The most amazing week of the 1960s: Bob Dylan, MLK, the pill, Vietnam, and more.

MLK, Dylan, the Pill, Vietnam, and the Single Most Amazing Week of the 1960s

MLK, Dylan, the Pill, Vietnam, and the Single Most Amazing Week of the 1960s

Arts, entertainment, and more.
March 23 2015 10:30 AM

The Week the ’60s Were Born

March 20–28, 1965—50 years ago.

March 20–28, 1965
Clockwise from top left: the Supremes, the pill, the Beatles, the Selma-to-Montgomery march, Bob Dylan—all 50 years ago this week.

Photo illustration by James Emmerman. Photos courtesy of (clockwise from top left) Jac. de Nijs/Anefo/Nationaal Archief, Shutterstock, VARA/Sound and Vision Archive/Beeld en Geluidwiki, the Library of Congress, and Bob Dylan.

Adapted from Andrew Grant Jackson’s book 1965: The Most Revolutionary Year in Music, out now from St. Martin’s Press/Thomas Dunne Books.

The seemingly never-ending 50th anniversary celebrations of the events of the 1960s make it appear as though during that decade something groundbreaking was happening every month. But even by the standards of that astonishing era, the final week of March 1965 was amazingly dramatic. Television beamed seminal moments of the civil rights and antiwar movements into millions of living rooms. The sexual revolution went on trial as the Supreme Court heard arguments about the legality of the pill. The psychedelic era kicked into high gear when the Beatles were dosed with LSD. And Bob Dylan released the album that changed rock ’n’ roll. You could argue that the 1960s as we know them started during one single week—an eight-day week, befitting the Beatles song that topped the charts—exactly 50 years ago.

Sunday, March 21, 1965: Civil rights activists had already attempted to walk the 54 miles from Selma, Alabama, to the state capitol in Montgomery twice in order to demonstrate for their right to vote and to protest the shooting of Jimmie Lee Jackson by a state trooper. Both times troopers stopped them, violently so on March 7’s infamous “Bloody Sunday.” But on March 15, President Lyndon B. Johnson vowed on television that “we shall overcome” and sent 3,000 National Guardsmen to protect the marchers.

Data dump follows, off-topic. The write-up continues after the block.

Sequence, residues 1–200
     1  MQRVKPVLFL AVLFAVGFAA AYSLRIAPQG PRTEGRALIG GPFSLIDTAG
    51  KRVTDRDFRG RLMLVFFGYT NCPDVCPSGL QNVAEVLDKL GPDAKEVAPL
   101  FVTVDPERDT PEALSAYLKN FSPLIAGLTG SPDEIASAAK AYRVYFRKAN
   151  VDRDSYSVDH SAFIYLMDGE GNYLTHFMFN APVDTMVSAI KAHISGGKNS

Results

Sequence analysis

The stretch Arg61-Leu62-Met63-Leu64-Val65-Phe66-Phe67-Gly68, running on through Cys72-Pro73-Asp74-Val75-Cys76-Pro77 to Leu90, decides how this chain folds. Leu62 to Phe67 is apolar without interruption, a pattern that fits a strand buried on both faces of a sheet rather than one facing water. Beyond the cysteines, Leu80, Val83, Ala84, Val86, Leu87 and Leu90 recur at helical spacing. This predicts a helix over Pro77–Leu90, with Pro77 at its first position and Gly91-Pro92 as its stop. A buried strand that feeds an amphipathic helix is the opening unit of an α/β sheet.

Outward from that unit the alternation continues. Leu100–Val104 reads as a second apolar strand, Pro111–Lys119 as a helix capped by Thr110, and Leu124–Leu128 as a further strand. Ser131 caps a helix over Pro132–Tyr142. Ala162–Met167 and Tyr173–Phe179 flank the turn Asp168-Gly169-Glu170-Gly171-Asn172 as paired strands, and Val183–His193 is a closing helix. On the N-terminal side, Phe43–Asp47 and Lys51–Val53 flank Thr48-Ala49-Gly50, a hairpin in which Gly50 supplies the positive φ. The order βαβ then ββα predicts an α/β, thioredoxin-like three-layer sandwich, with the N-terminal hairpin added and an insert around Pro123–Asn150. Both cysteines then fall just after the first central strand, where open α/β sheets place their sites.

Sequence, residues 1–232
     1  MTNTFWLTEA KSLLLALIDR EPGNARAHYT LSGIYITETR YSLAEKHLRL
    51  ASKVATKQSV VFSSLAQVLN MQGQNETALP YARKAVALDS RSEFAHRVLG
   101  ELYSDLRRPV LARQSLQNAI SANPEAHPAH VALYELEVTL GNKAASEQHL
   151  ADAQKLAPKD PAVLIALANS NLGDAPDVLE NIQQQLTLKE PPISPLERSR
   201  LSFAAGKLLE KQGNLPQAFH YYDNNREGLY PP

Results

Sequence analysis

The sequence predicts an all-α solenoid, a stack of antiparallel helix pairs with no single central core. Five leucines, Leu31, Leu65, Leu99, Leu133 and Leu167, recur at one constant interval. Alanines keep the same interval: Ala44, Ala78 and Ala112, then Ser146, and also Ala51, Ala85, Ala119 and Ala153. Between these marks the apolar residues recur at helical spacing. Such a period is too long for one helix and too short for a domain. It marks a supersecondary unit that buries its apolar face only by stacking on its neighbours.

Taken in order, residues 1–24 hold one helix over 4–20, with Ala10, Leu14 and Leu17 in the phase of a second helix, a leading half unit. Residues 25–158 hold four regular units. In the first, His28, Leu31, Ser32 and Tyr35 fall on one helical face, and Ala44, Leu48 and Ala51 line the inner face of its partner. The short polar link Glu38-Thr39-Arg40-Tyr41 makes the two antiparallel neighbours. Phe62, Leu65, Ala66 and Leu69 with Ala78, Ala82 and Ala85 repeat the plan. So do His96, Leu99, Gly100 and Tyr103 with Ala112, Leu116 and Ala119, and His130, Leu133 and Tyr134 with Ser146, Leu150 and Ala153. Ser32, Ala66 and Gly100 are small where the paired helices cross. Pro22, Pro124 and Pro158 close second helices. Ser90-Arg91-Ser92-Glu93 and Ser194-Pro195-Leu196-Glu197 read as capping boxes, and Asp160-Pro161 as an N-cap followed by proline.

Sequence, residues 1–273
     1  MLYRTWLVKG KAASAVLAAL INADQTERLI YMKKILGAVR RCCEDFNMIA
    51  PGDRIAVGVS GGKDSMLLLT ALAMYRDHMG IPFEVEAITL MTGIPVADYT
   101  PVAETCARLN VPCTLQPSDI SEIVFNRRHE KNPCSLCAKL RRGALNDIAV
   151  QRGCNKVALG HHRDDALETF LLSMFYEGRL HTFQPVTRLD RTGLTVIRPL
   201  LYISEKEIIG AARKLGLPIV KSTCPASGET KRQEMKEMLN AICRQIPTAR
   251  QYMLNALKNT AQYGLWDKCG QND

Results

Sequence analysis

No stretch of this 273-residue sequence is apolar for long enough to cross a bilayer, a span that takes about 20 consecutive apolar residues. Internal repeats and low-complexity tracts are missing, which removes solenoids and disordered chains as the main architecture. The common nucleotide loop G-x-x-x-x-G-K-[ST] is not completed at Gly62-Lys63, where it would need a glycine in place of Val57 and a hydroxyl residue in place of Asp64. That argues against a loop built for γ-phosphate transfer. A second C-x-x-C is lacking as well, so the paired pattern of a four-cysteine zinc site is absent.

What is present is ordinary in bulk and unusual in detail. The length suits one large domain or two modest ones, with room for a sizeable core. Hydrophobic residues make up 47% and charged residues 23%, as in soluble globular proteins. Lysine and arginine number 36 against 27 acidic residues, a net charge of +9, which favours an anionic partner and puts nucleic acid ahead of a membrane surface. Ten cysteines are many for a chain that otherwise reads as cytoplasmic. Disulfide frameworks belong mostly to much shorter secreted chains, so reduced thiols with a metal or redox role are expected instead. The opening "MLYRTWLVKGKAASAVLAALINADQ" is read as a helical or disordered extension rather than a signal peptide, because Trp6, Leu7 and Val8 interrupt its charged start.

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3,200 walked out of Selma on March 21, but when roads narrowed to two lanes, only 300 people were allowed to march for the next four days because that was the maximum number the guardsmen felt they could reliably protect. Threats against Martin Luther King Jr. prompted many marchers who shared King’s build to wear similar blue suits to confuse potential assassins. The march blanketed news coverage that week, and as public support continued to increase, pressure on the federal government to pass legislation escalated.

Monday, March 22, 1965: Bob Dylan released Bringing It All Back Home, his first album featuring session musicians playing rock ’n’ roll (including Spike Lee’s father, William Lee, on bass). Dylan had recorded the entire album in just two three-hour sessions. By singing visionary folk lyrics accompanied by an electrified band, Dylan showed his peers they could write any kind of song they wanted. In response came a string of No. 1 hits with lyrics that would have been unthinkable a year before, from the trippy “Mr. Tambourine Man” to the protests of “(I Can’t Get No) Satisfaction” and “Eve of Destruction” to the introspective “Help!” The LP’s release also marked the moment the rock album transformed from a collection of singles and filler into a cohesive work of art.

Wednesday, March 24, 1965: No doubt Bringing It All Back Home blasted from campus windows as the University of Michigan hosted the first teach-in on Wednesday. The first 3,500 ground troops had arrived in Vietnam on March 8. In protest, 82-year-old activist Alice Herz immolated herself eight days later in Detroit. (She would die of her injuries on Friday of this week.) Antiwar faculty at the nearby state university planned to strike for one day, but the university president threatened censure after heavy criticism from Gov. George Romney, the state Legislature, and parents. So the professors, along with Students for a Democratic Society, staged a program of speakers and films that began after the final class of the day and lasted through the night. More than 3,000 attended. Despite a bomb scare, approximately 500 were still there Thursday morning for the closing rally. In May, Jerry Rubin helped organize a Berkeley teach-in that attracted between 10,000 and 30,000; there would be 120 across the country before year’s end.